We can picture a normal person's mental states working as follows:

That is, when a normal person is confronted with a red object, that causes him to have experiences with certain distinctive qualitative features (for lack of a better name, we will call these features "reddish") and which represent the world as containing something red. In the normal course of events, these experiences will cause the person to form the belief that there is something red, and this belief will affect the person's behavior in certain ways (for instance, it will affect his verbal behavior: he will call the object he sees "red").

Suppose that Fred lives a normal life up to the age of 20. But then at age 20, we perform an operation on his optic nerve which causes green things (like grass) to look to him the way that red things (like ripe tomatoes) used to look, and vice versa. Immediately after the operation, Fred will be in this situation:

Inversion Stage 1

That is, green objects will look red to him, and he may initially be fooled into believing that those objects really are red, and calling them "red." At this point, Fred is subject to a systematic perceptual illusion. But eventually Fred will learn of his mistake, and he will suppress his initial inclination to take his experiences at face value. We might represent that as follows (with the link from experience to belief "broken"):

So far, this story does not raise any problems for the functionalist. For at this point, Fred is functionally very different than he was before the operation. If you showed pre-op Fred a ripe tomato and asked "What color is this?" he would answer "red." If you show a ripe tomato to Fred at this point, and ask its color, he would answer "I don't know. It looks green, but I can't trust my experiences anymore." Fred behaves differently in response to the same stimuli.

Suppose, though, that Fred gets accustomed to his new experiences. Now, when you show him a ripe tomato, although it looks to him the way that green things used to look, he figures out that the tomato must therefore be red, because that's how red things look now. This adjustment may come to be second nature for Fred. When that happens, Fred will be in a situation like this one:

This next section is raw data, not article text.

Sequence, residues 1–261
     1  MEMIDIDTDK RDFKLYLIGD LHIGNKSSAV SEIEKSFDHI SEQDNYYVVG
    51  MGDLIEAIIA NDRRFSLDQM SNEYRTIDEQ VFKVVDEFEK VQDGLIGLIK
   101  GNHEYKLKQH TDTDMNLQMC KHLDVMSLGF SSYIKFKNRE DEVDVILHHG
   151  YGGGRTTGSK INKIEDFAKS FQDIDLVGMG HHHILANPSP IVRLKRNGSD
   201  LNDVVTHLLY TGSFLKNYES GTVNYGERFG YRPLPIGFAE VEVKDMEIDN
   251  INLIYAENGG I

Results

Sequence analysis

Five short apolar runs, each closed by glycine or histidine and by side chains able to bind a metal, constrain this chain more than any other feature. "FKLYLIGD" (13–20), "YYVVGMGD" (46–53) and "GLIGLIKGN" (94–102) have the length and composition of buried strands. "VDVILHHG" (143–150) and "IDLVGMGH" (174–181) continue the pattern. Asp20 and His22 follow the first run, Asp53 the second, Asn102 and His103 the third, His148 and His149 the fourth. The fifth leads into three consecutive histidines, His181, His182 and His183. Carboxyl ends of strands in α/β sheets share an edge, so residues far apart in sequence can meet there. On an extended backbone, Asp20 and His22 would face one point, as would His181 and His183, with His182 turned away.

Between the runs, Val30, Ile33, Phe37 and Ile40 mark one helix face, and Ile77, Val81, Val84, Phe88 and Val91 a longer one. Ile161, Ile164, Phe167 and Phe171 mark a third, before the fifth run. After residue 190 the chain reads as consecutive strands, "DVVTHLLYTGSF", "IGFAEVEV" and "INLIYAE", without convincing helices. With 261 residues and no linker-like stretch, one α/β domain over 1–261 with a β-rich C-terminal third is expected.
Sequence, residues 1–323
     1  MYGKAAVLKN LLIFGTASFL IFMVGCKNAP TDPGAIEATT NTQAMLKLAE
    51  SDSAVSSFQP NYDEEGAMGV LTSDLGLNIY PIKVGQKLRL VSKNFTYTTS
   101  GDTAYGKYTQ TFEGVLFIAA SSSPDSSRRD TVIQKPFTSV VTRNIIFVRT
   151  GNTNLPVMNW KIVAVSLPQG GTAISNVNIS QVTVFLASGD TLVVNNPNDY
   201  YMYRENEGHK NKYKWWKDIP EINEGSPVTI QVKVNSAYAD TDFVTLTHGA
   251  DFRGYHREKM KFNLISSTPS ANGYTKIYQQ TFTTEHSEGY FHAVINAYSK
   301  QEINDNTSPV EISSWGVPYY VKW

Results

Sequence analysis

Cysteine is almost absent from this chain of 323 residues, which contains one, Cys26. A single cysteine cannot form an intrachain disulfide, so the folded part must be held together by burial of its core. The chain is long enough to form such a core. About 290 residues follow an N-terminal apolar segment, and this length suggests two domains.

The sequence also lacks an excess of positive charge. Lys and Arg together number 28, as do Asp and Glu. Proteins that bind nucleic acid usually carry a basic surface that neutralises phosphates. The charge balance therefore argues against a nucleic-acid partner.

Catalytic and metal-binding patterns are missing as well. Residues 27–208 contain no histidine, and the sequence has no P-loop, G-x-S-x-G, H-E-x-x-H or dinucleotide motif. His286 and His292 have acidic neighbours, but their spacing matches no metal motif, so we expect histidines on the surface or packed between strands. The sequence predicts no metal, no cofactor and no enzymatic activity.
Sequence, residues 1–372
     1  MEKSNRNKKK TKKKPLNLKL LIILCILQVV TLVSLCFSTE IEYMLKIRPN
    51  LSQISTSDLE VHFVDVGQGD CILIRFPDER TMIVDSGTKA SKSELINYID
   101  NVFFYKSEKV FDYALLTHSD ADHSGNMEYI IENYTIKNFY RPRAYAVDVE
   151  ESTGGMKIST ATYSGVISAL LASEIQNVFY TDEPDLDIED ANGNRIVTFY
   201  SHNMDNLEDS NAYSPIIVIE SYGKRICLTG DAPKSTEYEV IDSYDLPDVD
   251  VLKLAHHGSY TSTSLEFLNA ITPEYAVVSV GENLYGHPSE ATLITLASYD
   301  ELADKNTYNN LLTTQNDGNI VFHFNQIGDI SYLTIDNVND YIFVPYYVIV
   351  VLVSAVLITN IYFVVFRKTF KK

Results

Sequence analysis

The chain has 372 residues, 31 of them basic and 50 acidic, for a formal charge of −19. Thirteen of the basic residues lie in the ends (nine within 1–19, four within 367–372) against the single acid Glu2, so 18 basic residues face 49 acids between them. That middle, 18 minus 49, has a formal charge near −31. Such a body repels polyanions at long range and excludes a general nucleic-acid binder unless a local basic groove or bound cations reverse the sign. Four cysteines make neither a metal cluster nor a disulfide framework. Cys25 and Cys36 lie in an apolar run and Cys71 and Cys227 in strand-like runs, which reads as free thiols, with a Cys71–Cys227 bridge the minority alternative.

Inversion Stage 2

Comment: Many philosophers argue that at this stage, Fred is rather in the following situation:

Inversion Stage 2 (Alternate)

We will compare and contrast these two models of Fred's situation later, when we investigate the relation between representational and the qualitative features of experience.


At this point, the functionalist should start to get worried. For Fred's greenish experiences are beginning to take on the functional role formerly occupied by his reddish experiences (and vice versa).

The proponent of the inverted spectrum thought-experiment will continue to push the story, trying to portray a situation in which the functional roles of Fred's reddish and greenish experiences are wholly swapped. In the end, Fred will be behaviorally and functionally indiscernible from a normal perceiver. Yet when he sees red things, he has greenish experiences, not reddish experiences. This difference in his experience does not manifest itself in his behavior or in his use of color words.

If this is really possible, then the reddish and greenish qualitative features of Fred's experiences cannot be given a functional definition.